88,98–100 category of promising therapeutic agents explored so far .

  96 Figure 1.22 – A. NMR structure of human Bcl-2 protein alpha isoform (PDB code: 1G5M) . B. Crystal

  97

structure of Bcl-2 (surface in green) and Bax’s BH3 domain (in red) complex at 2.7 Å (PDB code: 2XA0) .

  The main representative of the BH3 mimetic drug molecules, which displayed significant therapeutic activity in clinical trials, is the arylsulfonamide-based compound, venetoclax, also

  101–104

  known as ABT-199 (Figure 1.23) . It was discovered through the fragment-based NMR method by Abbott Laboratories, in a ten-year research effort. The hit-to-lead process started with ABT-737 (Figure 1.23), which exhibited nanomolar affinity to Bcl-2. However, its prospects of becoming a therapeutic agent were hampered by its poor physicochemical and pharmaceutical

  103

  properties, namely its low oral bioavailability . ABT-263 (Figure 1.23), also known as navitoclax, was derived from ABT-737 in order to overcome these hurdles, yielding a lead compound that

  103

  retained its extremely high affinity and also displayed significant oral bioavailability . Despite this success, navitoclax revealed selectivity issues toward Bcl-2 when compared to its homologue Bcl-XL. This problem is particularly important, since Bcl-XL is the primary survival factor in

  104

  platelets . A lead optimization phase allowed the discovery of venetoclax which is characterized by a sub-nanomolar affinity to Bcl-2 (K < 0.01 nM) and over three orders of magnitude inferior

  i 104

  affinity to Bcl-XL (K = 48 nM) . This improvement was achieved through SBDD by exploiting the

  i

  structural information provided by a co-crystal Bcl-2-navitoclax structure (PDB, Protein Data

  105 104

  Bank - www.rcsb.org, code: 4LVT) . The derivatization was performed by adding an azaindole moiety to the navitoclax structure, indicating this chemical family as promising Bcl-2 specific binders. In 2016, the FDA (United States Food and Drug Administration) approved venetoclax for the treatment of patients with chronic lymphocytic leukaemia. Meanwhile, venetoclax has been

  106 associated with undesired side-effects as neutropenia .

Figure 1.23 - Chemical structures of the three generations of arylsulfonamides' most representative

  

examples. Fragment-based and SBDD approaches allowed the progression from ABT-737, through ABT-

263, to ABT-199 as the most potent selective inhibitor of Bcl-2 protein.

  In the present thesis, two alternative families of compounds were studied for Bcl-2 inhibition: 4H-chromene and indole-based compounds. The 4H-chromene family emerged in a structure-based virtual screening approach, where the molecule HA14-1 was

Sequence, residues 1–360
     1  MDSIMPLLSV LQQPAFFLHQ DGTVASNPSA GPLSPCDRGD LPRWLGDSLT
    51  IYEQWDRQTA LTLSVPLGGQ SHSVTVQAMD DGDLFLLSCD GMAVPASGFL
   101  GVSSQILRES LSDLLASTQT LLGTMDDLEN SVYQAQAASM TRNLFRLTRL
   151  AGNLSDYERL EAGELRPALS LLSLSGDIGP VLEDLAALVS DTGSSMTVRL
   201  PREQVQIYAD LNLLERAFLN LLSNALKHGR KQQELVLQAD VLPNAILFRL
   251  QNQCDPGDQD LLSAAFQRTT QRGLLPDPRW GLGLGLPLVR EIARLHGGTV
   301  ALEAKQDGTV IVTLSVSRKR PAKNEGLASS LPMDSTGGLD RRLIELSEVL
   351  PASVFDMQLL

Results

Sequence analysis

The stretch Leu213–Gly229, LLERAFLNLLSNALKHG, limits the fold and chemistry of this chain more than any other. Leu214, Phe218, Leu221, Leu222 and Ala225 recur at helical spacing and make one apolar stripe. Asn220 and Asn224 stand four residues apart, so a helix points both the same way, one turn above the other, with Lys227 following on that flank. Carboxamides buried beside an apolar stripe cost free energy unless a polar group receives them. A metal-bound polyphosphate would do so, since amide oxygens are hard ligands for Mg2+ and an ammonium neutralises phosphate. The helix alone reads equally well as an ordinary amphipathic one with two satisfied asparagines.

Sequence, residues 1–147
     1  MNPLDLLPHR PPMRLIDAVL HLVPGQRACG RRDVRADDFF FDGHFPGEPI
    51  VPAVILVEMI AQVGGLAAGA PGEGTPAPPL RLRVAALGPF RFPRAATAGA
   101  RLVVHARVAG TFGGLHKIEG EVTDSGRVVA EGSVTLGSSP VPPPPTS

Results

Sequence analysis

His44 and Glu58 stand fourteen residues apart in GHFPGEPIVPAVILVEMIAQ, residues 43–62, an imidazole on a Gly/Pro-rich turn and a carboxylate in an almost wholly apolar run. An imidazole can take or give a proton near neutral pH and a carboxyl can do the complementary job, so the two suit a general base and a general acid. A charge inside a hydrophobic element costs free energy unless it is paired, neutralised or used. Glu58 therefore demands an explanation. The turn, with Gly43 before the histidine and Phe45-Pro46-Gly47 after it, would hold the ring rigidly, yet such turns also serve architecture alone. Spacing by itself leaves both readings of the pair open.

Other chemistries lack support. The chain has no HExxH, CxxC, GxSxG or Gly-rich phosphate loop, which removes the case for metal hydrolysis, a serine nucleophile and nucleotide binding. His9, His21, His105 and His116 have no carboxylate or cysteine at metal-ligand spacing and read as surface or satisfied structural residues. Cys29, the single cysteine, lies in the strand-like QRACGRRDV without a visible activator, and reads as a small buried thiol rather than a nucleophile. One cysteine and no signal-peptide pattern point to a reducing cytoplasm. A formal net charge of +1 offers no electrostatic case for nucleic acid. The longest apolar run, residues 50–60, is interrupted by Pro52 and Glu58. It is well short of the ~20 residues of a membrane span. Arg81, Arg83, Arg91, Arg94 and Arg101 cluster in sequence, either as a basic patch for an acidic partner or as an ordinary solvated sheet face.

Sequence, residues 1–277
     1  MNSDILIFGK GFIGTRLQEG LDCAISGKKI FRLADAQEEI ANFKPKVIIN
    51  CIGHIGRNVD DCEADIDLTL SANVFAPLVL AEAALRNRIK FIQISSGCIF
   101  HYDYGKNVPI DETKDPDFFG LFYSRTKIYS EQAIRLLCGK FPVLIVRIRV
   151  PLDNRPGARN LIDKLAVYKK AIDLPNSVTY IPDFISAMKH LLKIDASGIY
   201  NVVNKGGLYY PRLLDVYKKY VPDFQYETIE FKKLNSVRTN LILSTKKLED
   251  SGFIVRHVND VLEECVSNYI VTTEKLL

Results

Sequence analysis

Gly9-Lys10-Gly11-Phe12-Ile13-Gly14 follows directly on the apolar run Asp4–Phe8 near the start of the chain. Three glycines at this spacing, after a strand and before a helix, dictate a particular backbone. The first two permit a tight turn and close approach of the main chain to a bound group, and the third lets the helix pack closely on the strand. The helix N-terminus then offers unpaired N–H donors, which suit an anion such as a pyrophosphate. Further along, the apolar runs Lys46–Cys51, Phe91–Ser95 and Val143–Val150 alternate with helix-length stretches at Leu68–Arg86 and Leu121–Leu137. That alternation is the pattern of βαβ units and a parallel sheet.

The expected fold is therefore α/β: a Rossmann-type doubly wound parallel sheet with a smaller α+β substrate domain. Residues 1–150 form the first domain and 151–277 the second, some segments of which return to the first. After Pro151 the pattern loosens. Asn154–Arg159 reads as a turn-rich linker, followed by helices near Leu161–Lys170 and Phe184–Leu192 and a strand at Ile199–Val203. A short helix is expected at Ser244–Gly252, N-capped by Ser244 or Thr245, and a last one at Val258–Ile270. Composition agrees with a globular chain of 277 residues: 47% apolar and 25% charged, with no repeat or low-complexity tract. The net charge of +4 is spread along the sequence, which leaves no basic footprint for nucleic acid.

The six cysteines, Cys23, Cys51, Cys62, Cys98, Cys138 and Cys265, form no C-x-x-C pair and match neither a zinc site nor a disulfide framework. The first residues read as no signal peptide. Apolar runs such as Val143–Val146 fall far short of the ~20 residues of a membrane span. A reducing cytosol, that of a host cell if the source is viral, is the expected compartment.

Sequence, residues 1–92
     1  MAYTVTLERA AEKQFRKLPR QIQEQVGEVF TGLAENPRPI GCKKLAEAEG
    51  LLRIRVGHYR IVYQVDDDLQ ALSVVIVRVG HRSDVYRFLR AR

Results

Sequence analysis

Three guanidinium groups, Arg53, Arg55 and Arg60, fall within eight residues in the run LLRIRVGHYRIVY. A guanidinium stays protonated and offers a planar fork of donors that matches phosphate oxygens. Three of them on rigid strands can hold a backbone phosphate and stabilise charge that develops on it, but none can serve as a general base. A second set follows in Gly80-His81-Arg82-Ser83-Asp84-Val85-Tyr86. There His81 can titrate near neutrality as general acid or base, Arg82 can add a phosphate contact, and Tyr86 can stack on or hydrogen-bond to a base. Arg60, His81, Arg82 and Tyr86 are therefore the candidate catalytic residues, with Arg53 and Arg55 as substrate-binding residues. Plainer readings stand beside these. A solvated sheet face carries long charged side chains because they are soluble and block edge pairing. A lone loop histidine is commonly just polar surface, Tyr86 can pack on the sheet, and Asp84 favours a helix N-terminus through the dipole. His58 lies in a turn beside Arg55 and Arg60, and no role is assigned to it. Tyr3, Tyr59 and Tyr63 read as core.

107 identified as a candidate binder of Bcl-2 (Figure 1.24) .

  Molecular docking and in vitro studies showed promising affinity toward Bcl-2 (IC = 9 µM, this parameter corresponds to the

  50

  compound concentration necessary for inhibition of 50% of the target molecules) and induced apoptosis of human

  107

Figure 1.24 - Chemical structure of

  promyelocytic leukemia (HL-60) cells . Subsequently,

  the reference

  4H-chromene

  derivatization of this lead compound was performed to molecule, HA14-1. enhance its binding affinity to Bcl-2 and its anti-proliferative properties. Both optimizations were achieved in the case of its activemethine derivative, while a hypothetical improvement of the anti-proliferative activity of the methoxy and ethoxy derivatives

  108,109 was not confirmed (Figure 1.25) .

Figure 1.25 - Chemical structures of the three 4H-chromene derivatives derived from HA14-1, which are considered as candidate inhibitors of Bcl-2.

  As mentioned in the lead optimization process that yielded venetoclax, azaindole moieties pose as promising binders of Bcl-2. This observation led to a collaboration with Dr. Maria M. B. Marques (LAQV, REQUIMTE, FCT-UNL, Portugal), who provided indole derivatives with promising scaffolds for derivatization, which may provide BH3 mimetics with improved activity, selectivity and fewer side-effects (Figure 1.26). Compounds with indole moieties have already been reported as Bcl-2 inhibitors through in silico and in

  110 vitro studies .

  In the present work, the 4H-chromene derivatives, ethoxy and activemethine, and an Figure 1.26 - Chemical structure of the indole

  derivative under study.

  indole derivative are investigated regarding their potential BH3 mimetic interaction with human Bcl-2 protein. The commercially available drug molecule, venetoclax, is used to validate the techniques employed for characterizing protein- ligand interactions. Structural determination of protein-ligand complexes is pursued through X- ray crystallography. Furthermore, in silico methods are applied in order to study the impacts of nsSNP in protein stability and structure, and the effects on ligand binding.

1.3.2. Streptococcus dysgalactiae LytR

  Bacterial growth is characterized by two phenotypes, single cells (planktonic) and cell